We didn’t stay in Prisoner’s Harbor as long as we had planned. The forecast for Santa Cruz Island could have made it an uncomfortable berth that second night. We left in the late afternoon, one heck of a breeze sending us flying out of there. Our fastest speed (with only the genoa up) was 10.2 knots! (Our hull speed is 7.3 knots.)1 We were having fun! Two hours later, the wind just… died. Wait, that wasn’t in the forecast! As we passed Anacapa Island, we had to motor. We were disappointed; that meant we also had to hand-steer again. Ugh. As we moved further south, freighters seemed to come out of everywhere and nowhere. Yes, they made me jittery when they came within 0.4 nm, even with AIS.
|Santa Catalina Island... the walk to the other side|
After another overnight sail, we arrived in Catalina Harbor on Catalina Island. If you look at a map, there is a place called Two Harbors, where the land narrows. We are on the south side of the isthmus. It is merely a half hour walk to the other side, once you dock your dinghy. (It was a 0.6 nm row to get to the dinghy dock, however…) The other side had the ice cream, the kayak rentals and tours. Our side was more low-key and with fewer mooring balls, so we anchored. We got to experience both worlds. We also met the crew of Convivia, a lovely family also on their way south.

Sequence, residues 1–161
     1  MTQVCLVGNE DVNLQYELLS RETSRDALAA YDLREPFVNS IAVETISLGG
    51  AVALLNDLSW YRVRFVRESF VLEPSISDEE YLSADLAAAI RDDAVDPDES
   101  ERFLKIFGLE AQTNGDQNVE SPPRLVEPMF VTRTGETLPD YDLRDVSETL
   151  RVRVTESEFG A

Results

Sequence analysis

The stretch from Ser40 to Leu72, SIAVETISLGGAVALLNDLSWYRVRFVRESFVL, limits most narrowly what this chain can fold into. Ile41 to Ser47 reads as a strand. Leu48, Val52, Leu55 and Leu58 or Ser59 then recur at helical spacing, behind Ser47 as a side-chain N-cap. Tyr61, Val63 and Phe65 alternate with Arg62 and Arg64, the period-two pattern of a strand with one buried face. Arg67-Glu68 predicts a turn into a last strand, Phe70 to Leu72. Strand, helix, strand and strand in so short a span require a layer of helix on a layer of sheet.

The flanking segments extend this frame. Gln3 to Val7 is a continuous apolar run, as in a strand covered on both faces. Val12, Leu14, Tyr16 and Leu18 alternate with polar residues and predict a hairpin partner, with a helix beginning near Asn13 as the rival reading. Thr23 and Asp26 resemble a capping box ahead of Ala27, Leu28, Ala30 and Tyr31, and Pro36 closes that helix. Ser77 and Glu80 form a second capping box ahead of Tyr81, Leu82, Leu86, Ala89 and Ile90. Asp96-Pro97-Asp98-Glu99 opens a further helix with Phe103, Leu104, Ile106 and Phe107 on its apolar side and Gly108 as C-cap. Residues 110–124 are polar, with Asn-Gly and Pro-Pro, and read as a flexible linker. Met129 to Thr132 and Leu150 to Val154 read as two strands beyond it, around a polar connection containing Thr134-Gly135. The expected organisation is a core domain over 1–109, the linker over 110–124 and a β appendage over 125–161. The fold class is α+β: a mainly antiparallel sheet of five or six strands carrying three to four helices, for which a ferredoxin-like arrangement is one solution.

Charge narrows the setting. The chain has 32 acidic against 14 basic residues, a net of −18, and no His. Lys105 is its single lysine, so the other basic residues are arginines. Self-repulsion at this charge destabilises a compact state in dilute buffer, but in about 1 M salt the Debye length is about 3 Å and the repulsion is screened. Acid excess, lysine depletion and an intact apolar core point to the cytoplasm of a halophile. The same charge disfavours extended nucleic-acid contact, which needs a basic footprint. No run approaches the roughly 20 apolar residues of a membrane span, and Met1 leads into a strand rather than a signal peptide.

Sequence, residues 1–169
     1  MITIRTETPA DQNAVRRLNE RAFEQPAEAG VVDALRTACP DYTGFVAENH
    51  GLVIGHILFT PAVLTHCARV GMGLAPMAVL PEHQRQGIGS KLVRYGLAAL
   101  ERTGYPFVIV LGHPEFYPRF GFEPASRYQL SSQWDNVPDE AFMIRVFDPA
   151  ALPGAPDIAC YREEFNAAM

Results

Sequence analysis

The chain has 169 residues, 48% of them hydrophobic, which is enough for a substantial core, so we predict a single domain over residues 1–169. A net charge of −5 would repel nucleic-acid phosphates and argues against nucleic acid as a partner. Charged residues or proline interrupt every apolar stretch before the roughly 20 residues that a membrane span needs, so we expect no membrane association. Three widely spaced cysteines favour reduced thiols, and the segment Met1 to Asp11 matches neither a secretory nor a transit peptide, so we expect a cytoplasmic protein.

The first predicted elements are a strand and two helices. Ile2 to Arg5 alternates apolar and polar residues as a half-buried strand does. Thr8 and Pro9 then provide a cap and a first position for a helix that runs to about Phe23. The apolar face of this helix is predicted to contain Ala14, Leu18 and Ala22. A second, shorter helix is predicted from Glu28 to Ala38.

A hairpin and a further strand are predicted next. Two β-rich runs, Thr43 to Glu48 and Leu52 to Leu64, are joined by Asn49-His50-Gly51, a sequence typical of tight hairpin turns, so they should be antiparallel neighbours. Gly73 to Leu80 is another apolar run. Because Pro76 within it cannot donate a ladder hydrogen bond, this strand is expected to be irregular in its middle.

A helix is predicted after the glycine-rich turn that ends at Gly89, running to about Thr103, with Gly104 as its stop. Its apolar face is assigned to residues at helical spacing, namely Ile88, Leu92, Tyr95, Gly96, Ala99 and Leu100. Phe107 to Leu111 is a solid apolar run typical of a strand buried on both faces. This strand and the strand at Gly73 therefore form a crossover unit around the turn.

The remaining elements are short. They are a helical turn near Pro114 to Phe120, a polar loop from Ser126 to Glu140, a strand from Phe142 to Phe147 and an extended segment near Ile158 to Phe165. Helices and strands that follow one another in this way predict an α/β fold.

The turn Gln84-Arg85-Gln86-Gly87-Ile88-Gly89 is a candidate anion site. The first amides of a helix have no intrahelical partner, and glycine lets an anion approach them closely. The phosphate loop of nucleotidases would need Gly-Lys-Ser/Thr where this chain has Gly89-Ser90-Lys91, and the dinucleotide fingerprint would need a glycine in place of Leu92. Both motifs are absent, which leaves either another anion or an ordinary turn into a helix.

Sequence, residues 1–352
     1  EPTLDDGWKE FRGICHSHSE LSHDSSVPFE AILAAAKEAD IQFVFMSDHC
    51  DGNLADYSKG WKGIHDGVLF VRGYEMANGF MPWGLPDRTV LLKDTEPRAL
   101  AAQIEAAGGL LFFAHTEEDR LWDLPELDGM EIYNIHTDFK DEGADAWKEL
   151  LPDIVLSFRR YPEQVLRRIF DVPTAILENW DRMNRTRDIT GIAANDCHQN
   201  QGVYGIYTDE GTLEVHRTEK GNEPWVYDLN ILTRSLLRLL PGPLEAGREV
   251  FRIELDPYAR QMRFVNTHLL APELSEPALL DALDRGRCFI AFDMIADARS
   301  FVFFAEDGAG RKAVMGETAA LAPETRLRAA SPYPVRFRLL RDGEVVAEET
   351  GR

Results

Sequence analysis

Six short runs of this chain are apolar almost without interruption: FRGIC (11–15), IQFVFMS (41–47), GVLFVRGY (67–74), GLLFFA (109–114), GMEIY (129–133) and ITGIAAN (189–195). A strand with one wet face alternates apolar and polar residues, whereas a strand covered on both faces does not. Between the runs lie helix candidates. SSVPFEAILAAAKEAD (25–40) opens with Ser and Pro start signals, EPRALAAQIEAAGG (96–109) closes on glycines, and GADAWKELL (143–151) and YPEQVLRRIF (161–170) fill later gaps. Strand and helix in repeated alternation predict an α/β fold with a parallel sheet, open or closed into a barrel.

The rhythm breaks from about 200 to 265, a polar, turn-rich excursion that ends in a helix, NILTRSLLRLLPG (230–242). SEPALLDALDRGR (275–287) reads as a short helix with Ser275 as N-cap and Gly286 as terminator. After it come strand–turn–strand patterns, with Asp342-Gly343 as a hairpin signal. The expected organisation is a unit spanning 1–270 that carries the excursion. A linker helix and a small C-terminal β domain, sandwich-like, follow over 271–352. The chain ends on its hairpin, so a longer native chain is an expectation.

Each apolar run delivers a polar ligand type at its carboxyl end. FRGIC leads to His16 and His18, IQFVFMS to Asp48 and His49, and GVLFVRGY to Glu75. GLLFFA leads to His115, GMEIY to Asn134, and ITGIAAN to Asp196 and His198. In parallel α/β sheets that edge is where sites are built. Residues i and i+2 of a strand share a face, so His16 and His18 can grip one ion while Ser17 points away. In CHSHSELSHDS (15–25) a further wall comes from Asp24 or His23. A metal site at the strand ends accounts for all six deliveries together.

|The touristy side of things|
|Our anchorage, Catalina Harbor|
We acquired a trail map and went on a hike. Cacti abound here, it is pretty arid. I found the scenery as fascinating as it was unfamiliar. On the way back down, we noticed a bison chilling out next to a palm tree. It was an odd sight. He seemed pretty mellow, he made me think of Ferdinand the bull. This was our last stop before we pointed our bow back to mainland California, and my sister!
1Hull speed is a theoretical limit based on the waterline length of a displacement boat where the resistance curve of the boat through the water becomes vertical. The strong wind and large swells meant we accelerated as we were sailing downhill. We were surfing down the wave, in a controlled fashion, mom. Really. Ask Rick.